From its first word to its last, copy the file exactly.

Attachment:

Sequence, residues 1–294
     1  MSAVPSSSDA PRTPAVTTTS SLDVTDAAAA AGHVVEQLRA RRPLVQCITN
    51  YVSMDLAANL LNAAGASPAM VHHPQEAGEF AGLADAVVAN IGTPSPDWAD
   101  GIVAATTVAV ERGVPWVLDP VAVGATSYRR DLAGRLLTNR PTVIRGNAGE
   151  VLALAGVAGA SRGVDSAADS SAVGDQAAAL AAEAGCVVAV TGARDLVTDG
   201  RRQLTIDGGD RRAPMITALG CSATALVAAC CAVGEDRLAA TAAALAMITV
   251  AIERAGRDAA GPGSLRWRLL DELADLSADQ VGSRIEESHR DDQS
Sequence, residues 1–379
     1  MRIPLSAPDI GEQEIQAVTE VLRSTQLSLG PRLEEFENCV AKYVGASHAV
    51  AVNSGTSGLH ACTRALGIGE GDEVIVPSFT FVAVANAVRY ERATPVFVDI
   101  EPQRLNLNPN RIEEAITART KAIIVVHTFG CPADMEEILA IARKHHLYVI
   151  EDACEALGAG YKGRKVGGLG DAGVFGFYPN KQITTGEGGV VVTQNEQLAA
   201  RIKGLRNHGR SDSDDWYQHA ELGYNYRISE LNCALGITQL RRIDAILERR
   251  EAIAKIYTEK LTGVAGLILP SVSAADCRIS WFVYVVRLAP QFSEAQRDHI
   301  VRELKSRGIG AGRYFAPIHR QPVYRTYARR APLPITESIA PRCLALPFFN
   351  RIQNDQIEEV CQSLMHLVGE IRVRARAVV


Sequence, residues 1–294
     1  MSAVPSSSDA PRTPAVTTTS SLDVTDAAAA AGHVVEQLRA RRPLVQCITN
    51  YVSMDLAANL LNAAGASPAM VHHPQEAGEF AGLADAVVAN IGTPSPDWAD
   101  GIVAATTVAV ERGVPWVLDP VAVGATSYRR DLAGRLLTNR PTVIRGNAGE
   151  VLALAGVAGA SRGVDSAADS SAVGDQAAAL AAEAGCVVAV TGARDLVTDG
   201  RRQLTIDGGD RRAPMITALG CSATALVAAC CAVGEDRLAA TAAALAMITV
   251  AIERAGRDAA GPGSLRWRLL DELADLSADQ VGSRIEESHR DDQS
Sequence, residues 1–379
     1  MRIPLSAPDI GEQEIQAVTE VLRSTQLSLG PRLEEFENCV AKYVGASHAV
    51  AVNSGTSGLH ACTRALGIGE GDEVIVPSFT FVAVANAVRY ERATPVFVDI
   101  EPQRLNLNPN RIEEAITART KAIIVVHTFG CPADMEEILA IARKHHLYVI
   151  EDACEALGAG YKGRKVGGLG DAGVFGFYPN KQITTGEGGV VVTQNEQLAA
   201  RIKGLRNHGR SDSDDWYQHA ELGYNYRISE LNCALGITQL RRIDAILERR
   251  EAIAKIYTEK LTGVAGLILP SVSAADCRIS WFVYVVRLAP QFSEAQRDHI
   301  VRELKSRGIG AGRYFAPIHR QPVYRTYARR APLPITESIA PRCLALPFFN
   351  RIQNDQIEEV CQSLMHLVGE IRVRARAVV